CES 2020: AI and TV to be front and center

The tech world will soon be celebrating one of its biggest feasts of the year.

The Consumer Electronics Show (CES) 2020 will be held from January 7 to 10 in Las Vegas, with over 4,500 exhibitors launching nearly 20,000 new transformative tech products to more than 170,000 attendees, 300 conference sessions with 1,100 speakers, according to the organizer Consumer Technology Association (CTA).

Gary Shapiro, president and CEO of CTA, believes that artificial intelligence (AI) will be the center at the upcoming CES.

"Trends on the show floor will include the latest in 5G and mobile connectivity, vehicle technology, smart cities and digital health," Shapiro said.

"AI will be one of the key 'ingredient technologies' over the next decade, creating customized user experiences and machine learning solutions in smart cities, sports tech, vehicle tech, digital health, robotics and beyond," he added.

A person walks by a booth display before CES International, January 4, 2020, in Las Vegas.

A person walks by a booth display before CES International, January 4, 2020, in Las Vegas.

The AI and robotics category this year has increased by more than 30 percent in the number of exhibitors and more than 25 percent in its exhibit space over the CES 2019. The dedicated AI Marketplace will feature over 70 exhibitors, while companies across every industry will unveil AI advancements at the CES 2020, according to Shapiro.

He expected new innovations in such sectors as vehicle technology, travel, transportation and health technology at this year's show.

This year, the health and wellness category will feature 145 exhibitors, a 25 percent increase over 2019.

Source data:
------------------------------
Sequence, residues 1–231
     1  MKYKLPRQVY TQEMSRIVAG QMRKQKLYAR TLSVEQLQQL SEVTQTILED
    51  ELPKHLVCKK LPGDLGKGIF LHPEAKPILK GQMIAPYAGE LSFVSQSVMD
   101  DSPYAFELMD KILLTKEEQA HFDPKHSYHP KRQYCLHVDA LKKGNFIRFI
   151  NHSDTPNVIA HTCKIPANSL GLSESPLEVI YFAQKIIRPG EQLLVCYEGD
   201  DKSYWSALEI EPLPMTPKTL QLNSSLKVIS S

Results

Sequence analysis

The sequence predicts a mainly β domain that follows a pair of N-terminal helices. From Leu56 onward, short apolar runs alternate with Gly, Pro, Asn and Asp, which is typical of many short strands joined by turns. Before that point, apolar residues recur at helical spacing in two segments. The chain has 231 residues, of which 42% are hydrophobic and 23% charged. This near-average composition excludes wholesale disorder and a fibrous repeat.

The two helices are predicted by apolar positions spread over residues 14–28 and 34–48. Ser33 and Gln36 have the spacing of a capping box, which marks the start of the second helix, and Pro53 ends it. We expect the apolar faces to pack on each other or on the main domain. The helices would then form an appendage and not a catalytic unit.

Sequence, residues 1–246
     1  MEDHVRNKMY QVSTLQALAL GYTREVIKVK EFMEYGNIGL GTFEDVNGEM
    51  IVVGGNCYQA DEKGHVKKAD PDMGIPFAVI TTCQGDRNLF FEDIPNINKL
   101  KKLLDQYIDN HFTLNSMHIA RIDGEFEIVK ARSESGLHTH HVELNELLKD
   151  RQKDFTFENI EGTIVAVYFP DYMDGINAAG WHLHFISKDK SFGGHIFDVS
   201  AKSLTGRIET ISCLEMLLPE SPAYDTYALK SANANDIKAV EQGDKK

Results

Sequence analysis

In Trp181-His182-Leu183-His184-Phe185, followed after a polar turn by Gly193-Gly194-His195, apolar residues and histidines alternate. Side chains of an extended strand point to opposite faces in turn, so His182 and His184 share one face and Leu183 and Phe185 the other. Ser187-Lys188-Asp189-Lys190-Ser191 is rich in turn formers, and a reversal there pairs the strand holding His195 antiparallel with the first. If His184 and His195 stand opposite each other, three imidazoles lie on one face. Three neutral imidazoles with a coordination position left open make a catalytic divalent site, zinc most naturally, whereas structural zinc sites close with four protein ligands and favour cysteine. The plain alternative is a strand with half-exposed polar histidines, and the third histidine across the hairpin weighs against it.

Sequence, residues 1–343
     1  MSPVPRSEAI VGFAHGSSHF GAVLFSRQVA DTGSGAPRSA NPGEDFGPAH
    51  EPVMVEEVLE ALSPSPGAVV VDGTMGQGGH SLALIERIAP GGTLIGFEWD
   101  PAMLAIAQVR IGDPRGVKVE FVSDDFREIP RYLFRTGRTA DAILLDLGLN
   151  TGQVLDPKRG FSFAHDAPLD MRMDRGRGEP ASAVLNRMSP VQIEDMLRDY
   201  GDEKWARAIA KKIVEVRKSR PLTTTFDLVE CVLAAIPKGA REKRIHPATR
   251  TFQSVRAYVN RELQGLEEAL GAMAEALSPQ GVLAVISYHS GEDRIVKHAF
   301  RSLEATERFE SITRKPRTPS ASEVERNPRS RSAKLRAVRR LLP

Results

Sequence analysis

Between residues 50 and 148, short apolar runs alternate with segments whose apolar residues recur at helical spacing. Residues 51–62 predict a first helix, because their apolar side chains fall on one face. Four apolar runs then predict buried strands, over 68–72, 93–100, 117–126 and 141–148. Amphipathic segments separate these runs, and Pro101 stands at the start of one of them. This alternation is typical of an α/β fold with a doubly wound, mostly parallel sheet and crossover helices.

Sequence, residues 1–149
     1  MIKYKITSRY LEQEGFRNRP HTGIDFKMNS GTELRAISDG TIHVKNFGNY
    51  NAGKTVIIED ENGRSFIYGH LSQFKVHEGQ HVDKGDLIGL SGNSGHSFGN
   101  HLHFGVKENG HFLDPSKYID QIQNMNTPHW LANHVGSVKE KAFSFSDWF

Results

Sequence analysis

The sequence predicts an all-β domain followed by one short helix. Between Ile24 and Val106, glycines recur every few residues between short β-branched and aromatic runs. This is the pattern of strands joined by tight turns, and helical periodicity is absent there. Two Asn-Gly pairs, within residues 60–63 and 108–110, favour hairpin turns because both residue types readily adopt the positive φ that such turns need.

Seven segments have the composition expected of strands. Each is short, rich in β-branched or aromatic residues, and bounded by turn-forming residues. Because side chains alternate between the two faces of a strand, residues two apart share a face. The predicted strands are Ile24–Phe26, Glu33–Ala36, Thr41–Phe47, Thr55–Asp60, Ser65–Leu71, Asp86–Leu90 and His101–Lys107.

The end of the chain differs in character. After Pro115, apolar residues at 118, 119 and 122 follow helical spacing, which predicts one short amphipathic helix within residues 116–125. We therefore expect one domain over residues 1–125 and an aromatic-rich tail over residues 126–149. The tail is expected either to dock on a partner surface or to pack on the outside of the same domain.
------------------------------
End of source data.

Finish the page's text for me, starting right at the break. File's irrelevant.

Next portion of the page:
According to Shapiro, top Chinese companies, including Byton, Changhong, DJI, Haier, Hisense, Huawei, Konka, Lenovo, Segway, TCL and ZTE, are returning to the CES 2020.

"Chinese companies are increasingly innovative," he said.

Beyond AI, we'll also have a glimpse of how the way we watch TV changes in 2020s.

The keynote addresses of CES, once dominated by computer and chip makers, will this year feature executives from TV networks NBC and CBS and upstart video services like mobile-focused Quibi and free streamer Tubi.

Topic one will be the streaming wars, giants NBC Universal and WarnerMedia prepare to join the clash with Netflix later this year.

Some companies also promise a big new push into "bite-sized" video designed to draw mobile viewers from YouTube, despite the fact that a similar effort several years ago foundered.

Katzenberg and Quibi CEO Meg Whitman, the former CEO of Hewlett Packard Enterprise, will use a Wednesday keynote to provide details on Quibi, which is investing one billion U.S. dollars in new shows with backing from all the major movie studios.

Short for "quick bites," the mobile-first service is designed to be watched for a just a few minutes at a time. Video programs are broken into 10 minute "chapters" – about the same length as broadcast TV segments between commercial breaks – intended for on-the-go viewers with limited attention spans.

"We want to take a phone, a device that was not actually designed to watch video on, and make it into a great watching device," Whitman said in an interview.

NBC is to talk more generally about the future of TV and entertainment at CES.

"Audiences don't differentiate by screen anymore," said Linda Yaccarino, chairman of advertising and partnerships at NBCUniversal. "They want and expect an on-demand, always-on world."

(With input from Xinhua and AP)